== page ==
|Scientific Name||Sarcophilus harrisii|
|Alternate Name||Devil, Joey (Young), Purinina, Sarcophilus laniarius, Tassie Devil|
|Collective Name||Litter (Young)|
|Australia||Forest, Shrubland, Grassland, Caves & Subterranean Habitats, Artifical/Terrestrial, Introduced Vegetation|
|30 cm.||12 in.||52-80 cm.||20-32 in.|
|4-12 kg.||8-27 lb.||5-9 yr.|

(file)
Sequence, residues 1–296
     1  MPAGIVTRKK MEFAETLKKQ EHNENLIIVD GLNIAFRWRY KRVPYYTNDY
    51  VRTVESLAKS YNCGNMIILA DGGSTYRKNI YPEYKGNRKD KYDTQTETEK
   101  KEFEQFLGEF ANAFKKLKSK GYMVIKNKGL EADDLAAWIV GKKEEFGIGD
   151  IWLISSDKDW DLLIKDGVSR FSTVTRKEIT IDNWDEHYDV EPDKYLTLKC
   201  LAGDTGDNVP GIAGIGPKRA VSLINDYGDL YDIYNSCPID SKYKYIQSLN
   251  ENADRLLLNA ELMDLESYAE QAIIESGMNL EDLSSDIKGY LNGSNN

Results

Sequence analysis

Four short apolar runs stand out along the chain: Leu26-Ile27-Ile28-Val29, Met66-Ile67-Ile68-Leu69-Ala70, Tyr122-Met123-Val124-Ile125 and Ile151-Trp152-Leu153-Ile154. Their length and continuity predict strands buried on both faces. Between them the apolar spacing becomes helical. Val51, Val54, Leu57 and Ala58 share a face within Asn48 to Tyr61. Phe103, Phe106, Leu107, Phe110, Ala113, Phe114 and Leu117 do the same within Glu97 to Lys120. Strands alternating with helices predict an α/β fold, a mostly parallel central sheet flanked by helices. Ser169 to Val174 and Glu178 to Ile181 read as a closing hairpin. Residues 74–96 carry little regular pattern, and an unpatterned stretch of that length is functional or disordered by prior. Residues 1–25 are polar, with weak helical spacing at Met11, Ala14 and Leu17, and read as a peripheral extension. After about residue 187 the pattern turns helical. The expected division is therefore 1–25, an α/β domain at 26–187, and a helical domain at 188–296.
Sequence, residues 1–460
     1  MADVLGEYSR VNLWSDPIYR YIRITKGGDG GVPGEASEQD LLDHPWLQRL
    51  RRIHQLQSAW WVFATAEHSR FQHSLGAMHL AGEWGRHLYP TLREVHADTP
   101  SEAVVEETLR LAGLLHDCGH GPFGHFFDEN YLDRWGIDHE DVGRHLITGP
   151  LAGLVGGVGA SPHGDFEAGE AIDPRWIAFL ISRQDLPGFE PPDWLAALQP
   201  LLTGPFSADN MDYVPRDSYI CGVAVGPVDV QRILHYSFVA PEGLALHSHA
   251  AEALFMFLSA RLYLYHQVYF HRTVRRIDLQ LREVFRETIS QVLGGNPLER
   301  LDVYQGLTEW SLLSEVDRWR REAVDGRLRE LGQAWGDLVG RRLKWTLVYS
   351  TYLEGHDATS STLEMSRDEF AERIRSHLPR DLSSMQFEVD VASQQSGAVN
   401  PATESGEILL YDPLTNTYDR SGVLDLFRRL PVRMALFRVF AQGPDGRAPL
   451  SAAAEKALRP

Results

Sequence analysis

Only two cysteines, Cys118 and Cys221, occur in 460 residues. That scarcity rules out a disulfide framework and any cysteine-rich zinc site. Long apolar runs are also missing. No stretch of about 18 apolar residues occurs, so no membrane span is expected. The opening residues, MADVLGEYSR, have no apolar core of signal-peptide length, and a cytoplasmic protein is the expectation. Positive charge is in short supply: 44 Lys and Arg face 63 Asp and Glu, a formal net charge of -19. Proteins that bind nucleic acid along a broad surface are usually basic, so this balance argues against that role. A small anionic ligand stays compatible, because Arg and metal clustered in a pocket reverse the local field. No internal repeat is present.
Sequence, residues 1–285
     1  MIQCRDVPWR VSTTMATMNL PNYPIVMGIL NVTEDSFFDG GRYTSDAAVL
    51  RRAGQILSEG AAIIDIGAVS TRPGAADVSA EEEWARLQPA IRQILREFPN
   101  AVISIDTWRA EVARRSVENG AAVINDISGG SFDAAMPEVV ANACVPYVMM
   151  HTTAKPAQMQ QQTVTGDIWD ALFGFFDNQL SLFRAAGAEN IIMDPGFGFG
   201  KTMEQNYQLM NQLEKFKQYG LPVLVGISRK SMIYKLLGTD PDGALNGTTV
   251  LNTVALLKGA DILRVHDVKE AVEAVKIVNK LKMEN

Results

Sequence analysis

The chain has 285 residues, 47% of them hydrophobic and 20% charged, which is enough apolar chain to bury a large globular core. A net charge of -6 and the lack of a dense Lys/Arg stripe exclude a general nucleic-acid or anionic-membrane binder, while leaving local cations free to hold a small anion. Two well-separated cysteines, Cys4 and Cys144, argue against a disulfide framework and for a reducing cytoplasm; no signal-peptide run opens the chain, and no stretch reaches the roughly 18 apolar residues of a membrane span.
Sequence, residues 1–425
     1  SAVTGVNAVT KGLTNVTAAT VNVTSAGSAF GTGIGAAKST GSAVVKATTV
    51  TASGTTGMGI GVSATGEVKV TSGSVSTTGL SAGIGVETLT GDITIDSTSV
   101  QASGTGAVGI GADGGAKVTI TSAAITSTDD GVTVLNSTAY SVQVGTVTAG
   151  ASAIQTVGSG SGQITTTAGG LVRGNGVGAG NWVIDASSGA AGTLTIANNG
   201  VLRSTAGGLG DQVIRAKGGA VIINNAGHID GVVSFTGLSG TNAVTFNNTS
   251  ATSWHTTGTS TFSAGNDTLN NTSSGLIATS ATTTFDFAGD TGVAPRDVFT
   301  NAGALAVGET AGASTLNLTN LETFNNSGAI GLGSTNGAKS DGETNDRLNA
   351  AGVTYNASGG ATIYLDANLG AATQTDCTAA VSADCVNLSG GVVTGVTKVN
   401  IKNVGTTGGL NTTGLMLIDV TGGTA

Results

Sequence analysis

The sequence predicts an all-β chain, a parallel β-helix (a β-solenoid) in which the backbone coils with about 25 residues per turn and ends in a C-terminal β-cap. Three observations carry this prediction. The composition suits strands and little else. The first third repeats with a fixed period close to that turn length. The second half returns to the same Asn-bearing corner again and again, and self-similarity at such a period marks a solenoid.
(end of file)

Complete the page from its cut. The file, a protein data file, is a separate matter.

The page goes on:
The Tasmanian devil (Sarcophilus harrisii) is the largest, native, mammalian predator on Tasmania and the world’s largest carnivorous marsupial. This robust, nocturnal marsupial is endemic to the island of Tasmania, part of the Australian continent. The devil was given its name when early explorers of Tasmania heard its unique, devil-like shrieks in the bush and discovered the canine-like creature with massive jaws and fangs. These powerful jaws and teeth allow the efficient, carnivorous scavengers and hunters to eat even the bones and fur of their carrion prey. The Tasmanian devil is listed as “Endangered” on the International Union for Conservation of Nature (IUCN) Red List of Threatened Species mostly due to habitat loss, overhunting, and a lethal, transferrable cancer-like disease called devil facial tumor disease that grows tumors on the face until the creature starves to death.